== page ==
Regardless of this Marxist orientation, however, Gutiérrez did not believe that Jesus reduced religion to politics entirely. The political dimension of his gospel as the liberator of the oppressed "goes to the very root of human existence: the relation with God in solidarity with other persons." Jesus was not a Zealot, as his proclamation of the Kingdom of God transcended the more limited and political orientation of the Zealots. Sin is, therefore, defined as the loss of the basic relationship of solidarity of God and human beings; it is "a social, historical fact, the absence of fellowship and love in relationships among persons, the breach of friendship with God and with other persons, and, therefore, an interior, personal fracture." Salvation, then, means to be freed from that sin; it means "the communion of human beings with God and among themselves." Salvation in this sense is not personal nor otherworldly beyond this life but rather collective and thisworldly. The Kingdom of God is where this salvation is realized as the reestablishment of justice in this world. Interestingly, Gutiérrez' approach involves a profound sense of spirituality where you experience such a "conversion" to the oppressed that you are willing to give unconditional love to them. He refers to it as the source of Christian joy.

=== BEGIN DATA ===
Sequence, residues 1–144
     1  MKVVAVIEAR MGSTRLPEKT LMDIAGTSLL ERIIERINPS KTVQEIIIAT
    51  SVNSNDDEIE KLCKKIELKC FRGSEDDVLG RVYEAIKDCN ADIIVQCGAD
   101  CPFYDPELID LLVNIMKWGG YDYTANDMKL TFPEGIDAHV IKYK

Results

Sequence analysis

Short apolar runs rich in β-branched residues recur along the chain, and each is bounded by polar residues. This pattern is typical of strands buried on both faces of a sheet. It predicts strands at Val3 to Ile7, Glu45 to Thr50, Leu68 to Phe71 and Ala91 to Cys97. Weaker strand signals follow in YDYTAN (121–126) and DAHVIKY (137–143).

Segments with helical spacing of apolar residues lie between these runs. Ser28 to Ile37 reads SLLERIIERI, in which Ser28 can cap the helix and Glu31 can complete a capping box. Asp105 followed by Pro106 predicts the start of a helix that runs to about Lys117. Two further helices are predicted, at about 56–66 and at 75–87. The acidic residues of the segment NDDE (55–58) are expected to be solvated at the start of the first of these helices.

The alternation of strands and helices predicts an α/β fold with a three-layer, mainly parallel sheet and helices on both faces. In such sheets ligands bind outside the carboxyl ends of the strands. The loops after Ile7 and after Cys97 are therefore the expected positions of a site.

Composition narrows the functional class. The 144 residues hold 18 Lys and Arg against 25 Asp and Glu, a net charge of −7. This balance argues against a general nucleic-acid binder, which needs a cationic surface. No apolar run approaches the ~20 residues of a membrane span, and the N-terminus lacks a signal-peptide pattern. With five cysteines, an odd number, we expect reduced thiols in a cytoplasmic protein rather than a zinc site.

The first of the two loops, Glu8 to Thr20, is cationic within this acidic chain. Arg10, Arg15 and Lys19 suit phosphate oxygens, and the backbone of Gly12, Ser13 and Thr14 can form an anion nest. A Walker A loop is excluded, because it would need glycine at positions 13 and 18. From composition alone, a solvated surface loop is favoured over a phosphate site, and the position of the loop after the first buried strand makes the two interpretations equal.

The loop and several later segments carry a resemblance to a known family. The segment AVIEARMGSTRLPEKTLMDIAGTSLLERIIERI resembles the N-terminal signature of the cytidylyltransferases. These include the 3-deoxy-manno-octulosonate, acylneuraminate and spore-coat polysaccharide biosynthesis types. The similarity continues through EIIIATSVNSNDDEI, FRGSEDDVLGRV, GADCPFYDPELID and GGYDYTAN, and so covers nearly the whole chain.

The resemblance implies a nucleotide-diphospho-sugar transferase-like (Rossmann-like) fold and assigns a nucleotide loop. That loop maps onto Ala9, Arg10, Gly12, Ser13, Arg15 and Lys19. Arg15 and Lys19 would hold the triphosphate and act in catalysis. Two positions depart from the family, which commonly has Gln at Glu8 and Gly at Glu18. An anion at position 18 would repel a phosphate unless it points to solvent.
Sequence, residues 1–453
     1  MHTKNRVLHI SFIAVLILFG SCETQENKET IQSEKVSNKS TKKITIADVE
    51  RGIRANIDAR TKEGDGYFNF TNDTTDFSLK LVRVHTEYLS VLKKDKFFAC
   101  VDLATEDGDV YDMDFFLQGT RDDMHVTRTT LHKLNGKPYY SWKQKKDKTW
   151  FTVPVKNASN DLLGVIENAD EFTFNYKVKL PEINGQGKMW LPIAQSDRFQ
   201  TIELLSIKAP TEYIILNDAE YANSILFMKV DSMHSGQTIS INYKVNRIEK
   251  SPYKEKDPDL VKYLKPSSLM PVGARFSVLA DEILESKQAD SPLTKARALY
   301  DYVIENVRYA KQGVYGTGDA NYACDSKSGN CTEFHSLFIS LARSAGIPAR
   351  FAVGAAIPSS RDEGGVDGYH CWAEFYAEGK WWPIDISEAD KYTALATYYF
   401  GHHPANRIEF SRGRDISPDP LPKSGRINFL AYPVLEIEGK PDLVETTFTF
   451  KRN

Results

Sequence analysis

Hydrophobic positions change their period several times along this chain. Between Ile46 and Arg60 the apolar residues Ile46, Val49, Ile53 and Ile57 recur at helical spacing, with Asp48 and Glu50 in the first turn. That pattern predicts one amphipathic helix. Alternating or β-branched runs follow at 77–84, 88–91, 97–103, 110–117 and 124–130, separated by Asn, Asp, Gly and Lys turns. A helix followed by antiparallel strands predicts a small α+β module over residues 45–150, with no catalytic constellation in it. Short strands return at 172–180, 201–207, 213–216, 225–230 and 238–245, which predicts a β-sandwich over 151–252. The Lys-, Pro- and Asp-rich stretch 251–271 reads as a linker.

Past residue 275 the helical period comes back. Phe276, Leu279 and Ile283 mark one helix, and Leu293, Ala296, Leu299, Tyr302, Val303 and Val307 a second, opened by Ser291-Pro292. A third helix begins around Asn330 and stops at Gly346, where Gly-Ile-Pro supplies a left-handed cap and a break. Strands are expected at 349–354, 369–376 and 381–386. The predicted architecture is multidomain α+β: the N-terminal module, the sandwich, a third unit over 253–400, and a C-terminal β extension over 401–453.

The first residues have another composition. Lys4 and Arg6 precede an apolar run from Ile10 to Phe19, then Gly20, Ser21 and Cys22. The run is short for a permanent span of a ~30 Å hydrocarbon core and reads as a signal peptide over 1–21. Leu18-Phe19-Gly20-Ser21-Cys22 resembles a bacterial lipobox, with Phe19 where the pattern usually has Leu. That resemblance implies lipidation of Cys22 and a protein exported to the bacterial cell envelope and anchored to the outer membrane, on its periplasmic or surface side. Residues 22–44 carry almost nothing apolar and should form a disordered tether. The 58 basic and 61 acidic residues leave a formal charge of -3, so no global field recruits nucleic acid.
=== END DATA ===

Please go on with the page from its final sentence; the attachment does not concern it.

Other than Gutiérrez, there are several notable liberation theologians with their distinctive theological points. Juan Luis Segundo (1925-1997), a Jesuit from Uruguay, was famous for his hermeneutical treatment of the Bible from the perspective of liberation and yet with an emphasis on the primacy of the Bible. His main work was The Liberation of Theology. Leonardo Boff (1938- ), a Franciscan from Brazil, has challenged the Church by asserting that it should be open for change because of the possibility for the further action of the Holy Spirit in the "base communities," the reason being that the Church originally emerged from the post-Easter Pentecostal experience of the early Christians anyway and not from Jesus as an unchanging institution. This, expressed in his Ecclesiogenesis, reflects a result of the historical-critical biblical scholarship. A prolific writer, he has written more than 100 books including Church: Charism and Power, a book on ecclesiology, which was perceived to be defiant and militant in the eyes of the Vatican. Jon Sobrino (1938- ), a Salvadorian Jesuit originally from Spain, has argued in his Jesus in Latin America that just as Jesus was crucified and rose again in glory, the oppressed masses of Latin America would arise. Such images did not always directly endorse violent revolution, but neither did they reject it.